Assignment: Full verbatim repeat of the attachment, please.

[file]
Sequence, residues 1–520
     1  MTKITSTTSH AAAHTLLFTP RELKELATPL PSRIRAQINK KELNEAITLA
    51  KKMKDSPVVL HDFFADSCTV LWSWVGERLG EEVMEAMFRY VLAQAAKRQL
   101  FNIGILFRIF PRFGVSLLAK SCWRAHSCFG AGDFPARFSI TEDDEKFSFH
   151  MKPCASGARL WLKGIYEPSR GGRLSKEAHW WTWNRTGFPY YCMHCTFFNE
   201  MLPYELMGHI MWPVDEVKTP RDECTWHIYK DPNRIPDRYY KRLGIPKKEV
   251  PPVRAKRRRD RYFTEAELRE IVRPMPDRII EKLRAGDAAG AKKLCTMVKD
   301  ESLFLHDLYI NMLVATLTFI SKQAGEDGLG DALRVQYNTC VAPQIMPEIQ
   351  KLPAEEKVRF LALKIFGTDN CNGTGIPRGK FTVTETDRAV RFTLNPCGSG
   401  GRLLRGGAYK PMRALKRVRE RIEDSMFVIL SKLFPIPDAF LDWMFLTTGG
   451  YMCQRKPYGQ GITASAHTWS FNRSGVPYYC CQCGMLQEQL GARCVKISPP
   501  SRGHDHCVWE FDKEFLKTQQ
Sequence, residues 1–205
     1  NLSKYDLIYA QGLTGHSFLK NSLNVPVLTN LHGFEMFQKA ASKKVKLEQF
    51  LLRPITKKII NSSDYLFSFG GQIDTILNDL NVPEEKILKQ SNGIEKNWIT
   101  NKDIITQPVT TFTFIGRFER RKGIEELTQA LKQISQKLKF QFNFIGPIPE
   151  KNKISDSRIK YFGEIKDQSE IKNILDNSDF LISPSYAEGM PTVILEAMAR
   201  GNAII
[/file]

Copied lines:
Sequence, residues 1–520
     1  MTKITSTTSH AAAHTLLFTP RELKELATPL PSRIRAQINK KELNEAITLA
    51  KKMKDSPVVL HDFFADSCTV LWSWVGERLG EEVMEAMFRY VLAQAAKRQL
   101  FNIGILFRIF PRFGVSLLAK SCWRAHSCFG AGDFPARFSI TEDDEKFSFH
   151  MKPCASGARL WLKGIYEPSR GGRLSKEAHW WTWNRTGFPY YCMHCTFFNE
   201  MLPYELMGHI MWPVDEVKTP RDECTWHIYK DPNRIPDRYY KRLGIPKKEV
   251  PPVRAKRRRD RYFTEAELRE IVRPMPDRII EKLRAGDAAG AKKLCTMVKD
   301  ESLFLHDLYI NMLVATLTFI SKQAGEDGLG DALRVQYNTC VAPQIMPEIQ
   351  KLPAEEKVRF LALKIFGTDN CNGTGIPRGK FTVTETDRAV RFTLNPCGSG
   401  GRLLRGGAYK PMRALKRVRE RIEDSMFVIL SKLFPIPDAF LDWMFLTTGG
   451  YMCQRKPYGQ GITASAHTWS FNRSGVPYYC CQCGMLQEQL GARCVKISPP
   501  SRGHDHCVWE FDKEFLKTQQ
Sequence, residues 1–205
     1  NLSKYDLIYA QGLTGHSFLK NSLNVPVLTN LHGFEMFQKA ASKKVKLEQF
    51  LLRPITKKII NSSDYLFSFG GQIDTILNDL NVPEEKILKQ SNGIEKNWIT
   101  NKDIITQPVT TFTFIGRFER RKGIEELTQA LKQISQKLKF QFNFIGPIPE
   151  KNKISDSRIK YFGEIKDQSE IKNILDNSDF LISPSYAEGM PTVILEAMAR
   201  GNAII